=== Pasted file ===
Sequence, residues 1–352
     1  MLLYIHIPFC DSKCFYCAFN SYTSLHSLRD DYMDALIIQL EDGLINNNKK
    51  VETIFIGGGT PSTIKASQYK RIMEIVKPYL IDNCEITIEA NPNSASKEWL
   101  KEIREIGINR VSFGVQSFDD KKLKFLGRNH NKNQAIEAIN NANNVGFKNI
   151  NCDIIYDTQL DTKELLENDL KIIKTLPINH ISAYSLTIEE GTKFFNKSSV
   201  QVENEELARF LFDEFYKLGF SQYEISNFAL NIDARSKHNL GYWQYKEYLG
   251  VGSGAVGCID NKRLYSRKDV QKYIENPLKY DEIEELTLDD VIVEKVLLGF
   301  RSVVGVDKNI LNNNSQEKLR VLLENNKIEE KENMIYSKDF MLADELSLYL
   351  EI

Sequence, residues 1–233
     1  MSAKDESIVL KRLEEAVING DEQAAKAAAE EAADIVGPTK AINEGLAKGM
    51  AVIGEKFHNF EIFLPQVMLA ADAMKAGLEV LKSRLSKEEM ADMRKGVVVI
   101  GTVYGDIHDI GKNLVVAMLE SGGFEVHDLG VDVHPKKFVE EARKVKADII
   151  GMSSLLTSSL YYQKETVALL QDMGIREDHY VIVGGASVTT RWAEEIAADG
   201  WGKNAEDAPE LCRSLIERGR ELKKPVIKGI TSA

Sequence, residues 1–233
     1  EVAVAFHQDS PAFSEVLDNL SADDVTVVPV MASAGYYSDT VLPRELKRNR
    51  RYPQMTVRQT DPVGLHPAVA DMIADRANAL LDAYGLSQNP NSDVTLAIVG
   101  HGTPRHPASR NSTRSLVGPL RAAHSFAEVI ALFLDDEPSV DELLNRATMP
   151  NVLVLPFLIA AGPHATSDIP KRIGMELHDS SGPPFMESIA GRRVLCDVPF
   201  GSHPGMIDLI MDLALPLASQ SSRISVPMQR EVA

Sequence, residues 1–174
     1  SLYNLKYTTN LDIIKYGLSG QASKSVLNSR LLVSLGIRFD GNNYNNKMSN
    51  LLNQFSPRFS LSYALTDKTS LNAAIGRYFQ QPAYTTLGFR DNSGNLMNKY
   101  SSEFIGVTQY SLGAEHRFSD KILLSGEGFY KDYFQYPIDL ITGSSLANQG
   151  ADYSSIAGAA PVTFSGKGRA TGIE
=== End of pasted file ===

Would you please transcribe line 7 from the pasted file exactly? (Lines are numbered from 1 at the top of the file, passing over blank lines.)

   251  VGSGAVGCID NKRLYSRKDV QKYIENPLKY DEIEELTLDD VIVEKVLLGF